Living costs for pensioner households rose 1.7 per cent for the quarter and 7.3 per cent for the year.

That all spells a significant increase in how much you will spend to maintain a comfortable – or better – retirement But check the figures on Sunday.

Do you feel that the purchasing power of the pension or your retirement savings is taking a big hit? Why not share your thoughts in the comments section below?

Written by Janelle Ward

Energetic and skilled editor and writer with expert knowledge of retirement, retirement income, superannuation and retirement planning.

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  1. last week my shopping increased by %10 alone and over the last 6 n=months by at least%17 and that alone is not covered by the next increase Also you go on about rent so lets not forget that rentees do not pay coucil rates and people who have a mortgage pay that on top of a morgage .My council rates as a pensioner are nearly$2000 on top of morgage .
    This means if u have a morgage you have to find an extra $150 /monthon top
    Do renters have this extra bill NO

  2. I totally agree Donelle Feltham,

    I am in the same situation as most Aged Pensioners that DO NOT HAVE Super or OWN My Own Home. I currently rent an NRAS property which is coming to an end in July, and my current discounted rent will go up to standard market rent meaning my RENTAL INCREASE will be approximately $200.00+ per week! This is obviously way out of my capacity to pay, meaning I need to search for somewhere else to live. Well, that in itself is an absolute stressful nightmare as there are very few places affordable for a single senior person. Even the retirement rental accommodation for seniors, while very grateful, is expensive and mostly consists of a bedsit which does not necessarily suit those of us that have hobbies or need a little more space than a bedroom with small living space and kitchenette (wonderful for those that it suits).

    My frustration really does stem from the fact that the previous governments local, state and federal all knew that the NRAS program was coming to an end as it had a lifespan of 10 years and yet not one of them put any other program in place for low-income earners!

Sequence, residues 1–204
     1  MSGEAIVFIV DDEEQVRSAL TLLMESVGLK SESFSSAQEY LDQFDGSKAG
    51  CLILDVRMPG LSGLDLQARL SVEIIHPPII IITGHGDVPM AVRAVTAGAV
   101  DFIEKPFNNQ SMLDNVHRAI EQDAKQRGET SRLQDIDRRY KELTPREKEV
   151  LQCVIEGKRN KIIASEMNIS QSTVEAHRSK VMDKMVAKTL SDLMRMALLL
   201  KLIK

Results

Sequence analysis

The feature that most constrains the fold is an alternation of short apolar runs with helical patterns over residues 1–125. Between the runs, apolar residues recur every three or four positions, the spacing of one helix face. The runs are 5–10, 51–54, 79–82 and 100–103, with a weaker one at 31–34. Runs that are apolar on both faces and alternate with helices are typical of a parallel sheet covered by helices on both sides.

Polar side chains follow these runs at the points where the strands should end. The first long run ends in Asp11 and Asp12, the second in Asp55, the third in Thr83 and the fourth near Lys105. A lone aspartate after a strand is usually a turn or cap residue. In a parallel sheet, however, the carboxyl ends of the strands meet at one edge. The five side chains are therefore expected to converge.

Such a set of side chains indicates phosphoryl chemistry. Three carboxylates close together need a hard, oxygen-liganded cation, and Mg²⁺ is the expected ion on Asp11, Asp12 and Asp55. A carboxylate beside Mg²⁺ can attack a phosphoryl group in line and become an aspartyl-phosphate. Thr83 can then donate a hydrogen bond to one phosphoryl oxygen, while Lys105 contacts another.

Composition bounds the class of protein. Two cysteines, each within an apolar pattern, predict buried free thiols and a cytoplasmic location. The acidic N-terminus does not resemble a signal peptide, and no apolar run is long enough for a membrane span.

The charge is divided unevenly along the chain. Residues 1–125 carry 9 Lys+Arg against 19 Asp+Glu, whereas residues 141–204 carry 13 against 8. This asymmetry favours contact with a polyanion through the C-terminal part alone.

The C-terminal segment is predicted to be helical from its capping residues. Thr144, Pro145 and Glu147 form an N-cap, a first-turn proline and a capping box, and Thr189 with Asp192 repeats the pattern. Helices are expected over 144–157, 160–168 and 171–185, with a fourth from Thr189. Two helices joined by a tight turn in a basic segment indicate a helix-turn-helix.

The Albanese government has a 5-year plan in action which is wonderful, however, not quick enough to deal with the current housing emergency…

    For an advanced Western Culture who on the whole believe we have considerable knowledge and know-how, we certainly have fallen BEHIND in this dire housing stress.

    If anyone has some recommendations regarding affordable rentals, I would love to hear about them.

  3. I honestly don’t know why anyone think’s Most Age Pensioner’s own their own homes. It’s a just not true, we people who are called the, Baby Boomer’s could not afford in a lot of case’s to buy our homes and a lot of us had no other option than to apply for Public Housing and we do pay rent albeit no where near what private rentals cost these days. The Morrison Government sure did a good job of getting people to believe that most pensioners own their own homes and that we all have plenty of Superannuation tucked away. I had the Princely sum of $2,400 when I I stopped working and a third of that I’d contributed myself, as before the mid 80’s there was no such thing as Supper and when it did come in at the we only got about $1.50 a week . That was the going rate When you were on the basic wage.